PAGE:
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Coal has gone cold for Fonterra

Fonterra New Zealand will reduce its reliance on coal and so provide the stimulus for increased biomass fuel supply, the company has announced that it will stop installing new coal boilers or increasing capacity to burn coal immediately. Source: Timberbiz

“The increased demand for renewable fuels for Fonterra plant, adds to the demand for biomass fuel already announced by the Otago and Christchurch hospitals and DB breweries,” Brian Cox, Executive Officer of the Bioenergy Association said.

“This will now encourage biomass fuel suppliers to increase their capacity for sourcing and delivering biomass fuel.

“There are adequate quantities of wood chip and wood pellets that can be delivered at short notice and potential for other short rotation fuels such as from miscanthus.

“There is also the potential to source pellet fuel from agricultural crop residues such as straw, and from paper and cardboard.”

Mr Cox said that transitioning from use of coal and gas for process heat needs to be done in an orderly manner so that fuel suppliers have time to grow their capacity.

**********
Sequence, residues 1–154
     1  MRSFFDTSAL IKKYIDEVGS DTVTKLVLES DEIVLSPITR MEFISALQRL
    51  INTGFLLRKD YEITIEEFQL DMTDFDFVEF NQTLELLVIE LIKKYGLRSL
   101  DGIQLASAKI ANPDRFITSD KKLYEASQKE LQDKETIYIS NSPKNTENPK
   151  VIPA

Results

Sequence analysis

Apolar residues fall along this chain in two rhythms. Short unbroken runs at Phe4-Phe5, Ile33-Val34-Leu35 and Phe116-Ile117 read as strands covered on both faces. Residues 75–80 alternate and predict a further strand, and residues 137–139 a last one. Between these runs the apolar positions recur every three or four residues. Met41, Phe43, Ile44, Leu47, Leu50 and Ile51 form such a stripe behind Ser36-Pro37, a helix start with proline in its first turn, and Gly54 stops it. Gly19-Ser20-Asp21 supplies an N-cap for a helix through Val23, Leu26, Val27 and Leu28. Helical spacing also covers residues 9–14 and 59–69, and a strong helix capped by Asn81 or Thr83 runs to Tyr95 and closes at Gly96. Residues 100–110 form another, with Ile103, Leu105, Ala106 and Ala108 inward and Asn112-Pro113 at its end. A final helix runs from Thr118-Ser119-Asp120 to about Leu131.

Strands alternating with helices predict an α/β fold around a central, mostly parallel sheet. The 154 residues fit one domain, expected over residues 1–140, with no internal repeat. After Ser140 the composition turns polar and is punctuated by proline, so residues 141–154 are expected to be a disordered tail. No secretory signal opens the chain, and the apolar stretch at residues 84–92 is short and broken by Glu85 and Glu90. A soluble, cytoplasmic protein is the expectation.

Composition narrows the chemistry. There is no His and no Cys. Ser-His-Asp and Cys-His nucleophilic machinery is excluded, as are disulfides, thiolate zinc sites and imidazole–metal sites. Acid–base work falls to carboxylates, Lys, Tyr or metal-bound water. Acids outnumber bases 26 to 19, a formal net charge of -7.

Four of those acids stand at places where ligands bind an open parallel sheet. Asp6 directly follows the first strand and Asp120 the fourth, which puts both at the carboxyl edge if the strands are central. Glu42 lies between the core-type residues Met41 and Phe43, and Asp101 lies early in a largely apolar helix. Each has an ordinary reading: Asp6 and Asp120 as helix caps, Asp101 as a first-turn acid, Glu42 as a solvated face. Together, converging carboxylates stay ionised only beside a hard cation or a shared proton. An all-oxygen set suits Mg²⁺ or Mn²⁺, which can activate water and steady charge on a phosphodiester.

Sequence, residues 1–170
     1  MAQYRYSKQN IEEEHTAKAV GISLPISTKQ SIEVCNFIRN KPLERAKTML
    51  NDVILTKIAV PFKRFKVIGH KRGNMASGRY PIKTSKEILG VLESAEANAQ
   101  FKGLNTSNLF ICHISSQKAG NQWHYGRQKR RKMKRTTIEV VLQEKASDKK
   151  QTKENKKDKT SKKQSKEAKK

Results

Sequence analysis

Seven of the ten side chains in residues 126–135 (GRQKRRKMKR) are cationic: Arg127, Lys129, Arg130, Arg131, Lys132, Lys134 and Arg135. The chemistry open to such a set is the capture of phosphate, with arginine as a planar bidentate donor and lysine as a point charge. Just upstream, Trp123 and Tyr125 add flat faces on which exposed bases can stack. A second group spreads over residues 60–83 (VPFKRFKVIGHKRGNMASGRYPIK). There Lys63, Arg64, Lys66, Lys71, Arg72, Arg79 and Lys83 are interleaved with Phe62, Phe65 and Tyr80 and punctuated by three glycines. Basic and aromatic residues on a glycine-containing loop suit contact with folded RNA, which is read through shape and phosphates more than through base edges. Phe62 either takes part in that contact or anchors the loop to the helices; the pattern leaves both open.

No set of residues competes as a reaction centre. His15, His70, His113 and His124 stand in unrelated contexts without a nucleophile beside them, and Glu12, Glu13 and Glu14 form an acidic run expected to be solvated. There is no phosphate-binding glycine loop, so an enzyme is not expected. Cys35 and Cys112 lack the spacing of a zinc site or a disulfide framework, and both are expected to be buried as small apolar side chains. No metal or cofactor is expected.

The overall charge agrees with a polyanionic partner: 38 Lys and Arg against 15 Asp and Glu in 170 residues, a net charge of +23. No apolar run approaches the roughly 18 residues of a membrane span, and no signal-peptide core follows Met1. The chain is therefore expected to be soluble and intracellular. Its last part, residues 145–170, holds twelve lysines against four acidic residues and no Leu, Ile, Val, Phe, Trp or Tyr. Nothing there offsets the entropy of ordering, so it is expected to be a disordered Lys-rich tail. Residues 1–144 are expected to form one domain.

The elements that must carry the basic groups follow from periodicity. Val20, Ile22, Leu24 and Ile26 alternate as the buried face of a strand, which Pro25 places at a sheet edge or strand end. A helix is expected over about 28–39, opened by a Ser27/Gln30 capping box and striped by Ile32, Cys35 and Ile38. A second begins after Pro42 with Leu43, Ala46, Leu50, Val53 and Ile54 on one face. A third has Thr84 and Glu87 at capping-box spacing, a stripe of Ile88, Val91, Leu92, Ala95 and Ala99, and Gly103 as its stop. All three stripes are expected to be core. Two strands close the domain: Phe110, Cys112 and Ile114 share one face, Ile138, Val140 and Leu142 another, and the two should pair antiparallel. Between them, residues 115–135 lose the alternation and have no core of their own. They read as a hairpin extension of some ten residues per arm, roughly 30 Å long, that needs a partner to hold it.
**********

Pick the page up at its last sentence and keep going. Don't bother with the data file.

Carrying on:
These signals from Fonterra will encourage forest owners to see the opportunity for collection and sale of forest harvest residues now that they are having difficulties in selling logs to China.

“Fonterra also has the option of transitioning from coal by co-firing biomass fuel in its existing coal boilers. Pellet fuel is particularly good,” Mr Cox said.

“This means that they can continue to use equipment which still has many years of servicable life without large capital investment.

“The Fonterra announcement dovetails with the proposal from Government to recognise in the Emissions Trading Scheme the greenhouse emission reduction opportunities that farmers have from their operations.”

Farmers have opportunities through producing biomass fuel from shelterbelts, woodlots and use of low productive land to be fuel suppliers to Fonterra. And Fonterra is well placed to partner with their farmer shareholders for the production of biomass fuel.

The Bioenergy Association has identified that 1.8Mt CO2-e of greenhouse gases could be reduced if coal and gas was replaced by biomass fuel for process heat.